It is a chilly foggy morning in the outskirts of Kathmandu. Around a dozen dogs of different breeds bask in the warm November sun outside a makeshift house overlooking the Shivapuri hill.
A handful of them are wearing red collars. As a Tibetan Mastiff barks at a stranger at the door, a woman and few children are cosseting their canine friends.
But this is no ordinary house and the dogs are no ordinary house pets. Each of the dog has a story to tell at the one-of-its-kind charity dedicated to eliminating cruelty against animals in Kathmandu, home to around 20,000 ‘stray’ dogs.
“Take for example this dog here Snoopy,” says Alicja Izydorczyk, a volunteer veterinarian at the centre. “She has been with us for a few days now after being brought here by few local children. She has given birth to a litter of puppies,” she informs adding that Snoopy will soon be spayed after her reproductive organs recuperate from the pregnancy.
Snoopy like other community dogs that are brought to the centre from areas inside Kathmandu’s ring road are treated for any ailments they may have, vaccinated against rabies, sterilised and sent back to the community. They are no longer a threat to public health.
“KAT centre is not a shelter for dogs. We vaccinate dogs against rabies and provide treatment for any disease they may be carrying to send them back to their neighbourhood, a place where they belong,”says Izydorczyk.
Four days a week, KAT ‘dog catchers’ visit the Capital’s core areas to look for dogs that do not have their left ear notched -- a sign that they are sterilised. “Our aim is to stop cruelty against animals and stabilise the stray dog population in Kathmandu. As is it impossible to get all of the dogs, we want to spay at least 70 per cent of the canine population, especially females, in a given area.”
Dogs in the Valley have traditionally been seen as community guards. However, the locals, who feed them regularly, do not take them to the vet when they are ill nor vaccinate them. That’s where the centre, established eight years ago by British Artist Jan Salter, steps in. Not only does it vaccinate and treat stray dogs, it also works to spread awareness to stop cruelty against animals.
Since its inception in 2003, KAT centre, which got local officials to stop poisoning stray animals, has treated more than 12,000 dogs. “Municipality officials used to poison stray dogs en masse once in a year. The dogs would die slow and agonising deaths. But as the fertile population was still out on the street, the dog population would rise again in no time,” the vet explains.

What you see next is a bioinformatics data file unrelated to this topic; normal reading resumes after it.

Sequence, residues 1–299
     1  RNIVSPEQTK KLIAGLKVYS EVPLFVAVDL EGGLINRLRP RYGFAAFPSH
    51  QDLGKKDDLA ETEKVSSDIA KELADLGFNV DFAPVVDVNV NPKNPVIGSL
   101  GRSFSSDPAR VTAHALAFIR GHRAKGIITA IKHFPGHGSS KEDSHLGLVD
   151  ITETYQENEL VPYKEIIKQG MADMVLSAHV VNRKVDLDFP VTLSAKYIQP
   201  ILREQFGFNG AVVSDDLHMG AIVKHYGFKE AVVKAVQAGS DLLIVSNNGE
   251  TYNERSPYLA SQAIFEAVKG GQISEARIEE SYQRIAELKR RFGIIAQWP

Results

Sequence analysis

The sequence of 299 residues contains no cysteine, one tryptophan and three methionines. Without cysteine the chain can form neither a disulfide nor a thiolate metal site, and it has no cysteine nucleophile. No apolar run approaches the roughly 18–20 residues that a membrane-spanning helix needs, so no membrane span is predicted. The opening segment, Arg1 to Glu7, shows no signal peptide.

“We see how the community and its dogs relate to one another when we return a vaccinated dog to its old alleys,” says Purna Prasad Dahal, a KAT dog catcher. “The local people thank us for returning the dog and welcome the animal with open arms.”
A charity, which solely relies on generous donations, KAT has always had a tough battle to fight on the financial front. With spiraling costs, the centre is finding it difficult to foot its monthly bills. To make matters worse, the road expansion drive in the Valley cost the centre its office building.
“We are basically doing the local government’s job. The only thing local officials are doing, or rather not doing, is that they have stopped poisoning the dogs. There is no other support that we are getting from the government,” shares Izydorczyk.
Outside every kennel at the centre, there is a board with a name. Most of them are clearly not Nepali names. The names are of KAT sponsors – animal lovers from around the world. KAT relies on donations, which mainly comes from abroad, to sustain itself. Organisations like the WSPA (World Society for Protection of Animals) have been helping out a lot.
“WSPA has said it will not be able to continue providing aid to KAT centre as they restructure their internal regulations,” the volunteer, who has been working at the centre for a year. Due to financial constraints, the charity has not been able to expand its operations outside the Ring Road, let alone outside the Valley. “More funds would help us expand our operations and reach out to more animals who are being subjected to cruelty.”
As KAT has foreign veterinarians working fulltime, private dog owners come to the centre to take benefit from their free service. But the centre does not cater to private dog owners. “If a family can afford to buy a German shepherd, they can afford to pay for its medication,” she states.
“As we celebrate Kukur Tihar this year, we call on the public to spare a thought for dogs. A dog is not another toy. Dogs, whether they are your pets or stray ones, are your responsibility. They deserve better treatment from humans.”
For more info on Kat Centre, please visit: http://www.katcentre.org.np